I didn't read through the book as presented, but picked out likely looking papers first before tackling the rest.  Accordingly, I turned next to David Atkinson's Revival: genuine or spurious.  This fascinating and complex piece of writing has at its core (I think!) the idea that traditional singing as a process - 'the tradition' - is located in an individual's conscious decision to engage in an emotional relationship with other people, but expressed through cultural forms, and across time.  Needless to say, the idea is developed from the work of many other academics, and David's argument is both convincing and refreshing - even if it may not appear so when baldly stated like this.  I do have one criticism though - one which often occurs in such writings - the continual use of a jargon word which may well be unfamiliar to the reader/listener.  In this case it's 'affective', which I could only find in the two-volume Shorter Oxford English Dictionary, and means emotional.  A perfectly good alternative, I'd have thought - so why not use it?

Then there's a very interesting paper by Chris Heppa entitled Sam Howard and the east Norfolk singing tradition, which I enjoyed hugely - particularly because I've heard some of E J Moeran's recordings of some of the actuality he uses as examples.  This is great, and it's actually about the singing and the people who did it - if only more of the book had been the same!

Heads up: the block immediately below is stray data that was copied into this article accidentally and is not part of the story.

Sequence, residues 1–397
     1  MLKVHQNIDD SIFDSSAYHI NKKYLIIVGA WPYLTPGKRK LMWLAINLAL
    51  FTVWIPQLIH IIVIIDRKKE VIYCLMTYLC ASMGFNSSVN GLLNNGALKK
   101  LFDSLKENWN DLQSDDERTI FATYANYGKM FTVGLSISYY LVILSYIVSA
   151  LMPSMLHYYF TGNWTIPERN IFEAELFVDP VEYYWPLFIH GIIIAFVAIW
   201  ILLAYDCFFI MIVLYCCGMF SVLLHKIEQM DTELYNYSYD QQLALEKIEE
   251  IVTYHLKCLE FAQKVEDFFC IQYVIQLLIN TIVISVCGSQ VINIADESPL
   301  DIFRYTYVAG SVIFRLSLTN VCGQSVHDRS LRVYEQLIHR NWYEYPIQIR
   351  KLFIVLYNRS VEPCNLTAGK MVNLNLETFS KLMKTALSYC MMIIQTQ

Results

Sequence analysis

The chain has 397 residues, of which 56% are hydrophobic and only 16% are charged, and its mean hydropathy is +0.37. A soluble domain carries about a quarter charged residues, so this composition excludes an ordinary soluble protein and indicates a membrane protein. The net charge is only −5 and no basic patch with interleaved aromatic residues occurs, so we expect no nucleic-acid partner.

There's lots more which I enjoyed reading and which told me things I didn't know: Martin Graebe's piece on Baring-Gould's singers; John Francmanis' similar one on Frank Kidson's singers; Steve Gardham's The Brown Girl; Ruairidh Greig's Joseph Taylor; Julia Bishop's Bell Duncan ...

Sadly, not everything was of the same standard, nor at the same level - which leads me to question just who the Conference was aimed at, and/or who the editors had in their minds as potential readers?  Let me give just a couple of extreme examples.

Andrew King conducts A thematic reconsideration of the textual ancestors of 'The Bitter Whithy'.  In the course of this he refers familiarly to 2nd century Apocryphal texts, Vulgate texts, Syrian and Arabic texts from the 4th and 5th centuries, and quotes long sections of middle English - without translating them.  Clearly, he was speaking to an audience with an education way, way beyond mine   And, (although I have to applaud him for his attitude to single and double quotation marks) I rather wonder exactly what knowing about these 'textual ancestors' may have to do with singing The Bitter Whithy any better than you did before?

At the other end of the scale, we have Robert Burns with British folk songs in popular music settings.  Mr Burns is a lecturer on contemporary music at the University of Otago, New Zealand, and he spends 15 pages explaining that Bob Lewis' singing of The Spotted Cow is rhythmically more free and irregular than is Steeleye Span's version!  This astounding contention is supported by wave display diagrams, staff notations and stressed word charts - just as well, I never would have believed him otherwise.

Exactly how many of the Conference's audience would have been able to sit through either, let alone both, papers in mental comfort, I cannot imagine.  Nor, it seems to me, are either of them at all well-suited to the rest of the company they keep in this book.

But, as I said earlier, an interesting book, containing some extremely good pieces.  A pity, in my view, that it contans so little about the 'folk songs ... and their re-creation' which its title has led you to expect.

Rod Stradling - 15.9.04